When I attended a presentation by fashion expert Caryn Franklin last year, someone asked what her number one travel essential is and she answered ‘a mini steamer‘. Sometimes, no matter how carefully I fold and roll my clothes to retain their shape, when I arrive at my destination it looks like I pulled them out of my washing machine, threw them in my suitcase and let them dry there. If I’m lucky, I can use an iron at my accommodation but if there isn’t one available, a travel steamer would be quite a luxury.
However, the small flaw in Caryn’s plan is that, for light packers such as myself (and with hand luggage allowances shrinking significantly), a steamer just doesn’t make the cut for a short break. When I visited Antwerp recently for a weekend I packed items that I assumed to be crease-resistant to avoid looking like a crumpled mess in one of Europe’s most fashionable cities, but there was one top which, upon pulling it from my suitcase, resembled an aerial view of the Alps. I had a mild panic and frantically tried to remix the three items of clothing I’d brought to create an outfit worthy of a fashion show, but to no avail. I then rummaged through the cupboards of my hotel room in search of an iron, but my search was fruitless. At this point I had about fifteen minutes to get ready, and I was on the edge of despair when my eyes fell upon the in-room coffee and tea station and I had a light bulb moment…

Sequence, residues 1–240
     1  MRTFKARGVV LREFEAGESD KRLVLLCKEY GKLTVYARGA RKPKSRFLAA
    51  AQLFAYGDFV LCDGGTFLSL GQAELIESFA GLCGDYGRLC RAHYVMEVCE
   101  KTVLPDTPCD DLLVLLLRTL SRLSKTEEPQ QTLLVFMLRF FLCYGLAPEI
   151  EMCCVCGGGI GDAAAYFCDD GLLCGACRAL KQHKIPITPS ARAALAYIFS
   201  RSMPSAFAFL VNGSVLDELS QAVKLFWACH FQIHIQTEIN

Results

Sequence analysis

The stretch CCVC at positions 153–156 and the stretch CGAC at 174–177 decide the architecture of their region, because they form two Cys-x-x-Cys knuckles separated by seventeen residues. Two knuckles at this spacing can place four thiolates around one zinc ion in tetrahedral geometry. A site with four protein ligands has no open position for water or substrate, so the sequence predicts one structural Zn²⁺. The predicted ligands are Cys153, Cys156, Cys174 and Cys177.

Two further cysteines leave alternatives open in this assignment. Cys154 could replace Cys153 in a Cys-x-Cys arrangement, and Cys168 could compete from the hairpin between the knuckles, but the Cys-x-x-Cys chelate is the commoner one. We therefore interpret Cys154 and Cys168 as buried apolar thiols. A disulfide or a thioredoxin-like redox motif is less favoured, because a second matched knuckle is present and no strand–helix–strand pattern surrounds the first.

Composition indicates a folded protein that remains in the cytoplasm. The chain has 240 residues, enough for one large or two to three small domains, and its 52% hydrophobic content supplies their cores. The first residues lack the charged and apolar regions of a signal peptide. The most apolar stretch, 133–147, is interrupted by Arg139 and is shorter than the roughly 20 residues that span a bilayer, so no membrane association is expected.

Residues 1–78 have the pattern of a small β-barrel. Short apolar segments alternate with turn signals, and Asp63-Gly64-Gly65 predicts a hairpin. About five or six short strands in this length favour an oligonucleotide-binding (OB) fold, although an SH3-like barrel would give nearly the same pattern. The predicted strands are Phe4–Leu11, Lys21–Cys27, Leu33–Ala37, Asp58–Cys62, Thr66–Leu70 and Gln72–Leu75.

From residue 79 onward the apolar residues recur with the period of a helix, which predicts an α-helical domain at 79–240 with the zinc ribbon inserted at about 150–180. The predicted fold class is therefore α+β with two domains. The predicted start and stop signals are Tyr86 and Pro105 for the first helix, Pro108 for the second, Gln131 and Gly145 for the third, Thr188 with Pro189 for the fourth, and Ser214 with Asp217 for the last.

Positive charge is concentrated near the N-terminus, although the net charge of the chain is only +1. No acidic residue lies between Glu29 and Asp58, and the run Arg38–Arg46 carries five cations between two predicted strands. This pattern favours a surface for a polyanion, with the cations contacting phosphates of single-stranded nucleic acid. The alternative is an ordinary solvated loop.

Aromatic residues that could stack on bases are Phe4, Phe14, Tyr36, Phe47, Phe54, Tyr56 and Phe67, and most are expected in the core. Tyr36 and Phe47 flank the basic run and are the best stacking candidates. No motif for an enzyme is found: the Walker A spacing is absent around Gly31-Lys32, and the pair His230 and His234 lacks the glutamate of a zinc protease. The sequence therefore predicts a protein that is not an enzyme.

When you need to iron clothing without an iron, steam it with your hotel room kettle!
No, I’m not joking and yes, it really works. Above is the before-and-after photo of my top, and the results are clear. The effect might not be to the same standard as a professional pressing, but steaming your clothes can get you out of an embarrassing situation. I managed to pass as presentable for my night in Antwerp’s most fashionable destinations after trying this easy trick.
I don’t think I’ve ever stayed in a hotel, no matter how budget, that doesn’t have an in-room kettle, so this should work no matter where you’re staying. Here’s how to steam your clothes when travelling:
1. Fill up the kettle from the bathroom tap and switch on
2. Just as the kettle boils, carefully hold the garment 1-2 inches above the spout
3. Slowly move the garment back and forth over the spout so the steam reaches all of the fabric
4. Reboil the kettle and repeat steps 2-3 until garment is crease-free
Note: very delicate fabrics may be damaged by the heat of the steam, so it’s best to only use this technique on sturdy fabrics (or things you’re not too attached to, just in case). My top came out perfectly, but I haven’t tried this on a variety of clothing. In other words, I won’t be compensating anyone for damaged silk Prada shirts etc. But I will accept thanks for getting travellers out of sticky situations. You’re welcome!
What’s your best or most creative travel tip? Share in the comments below!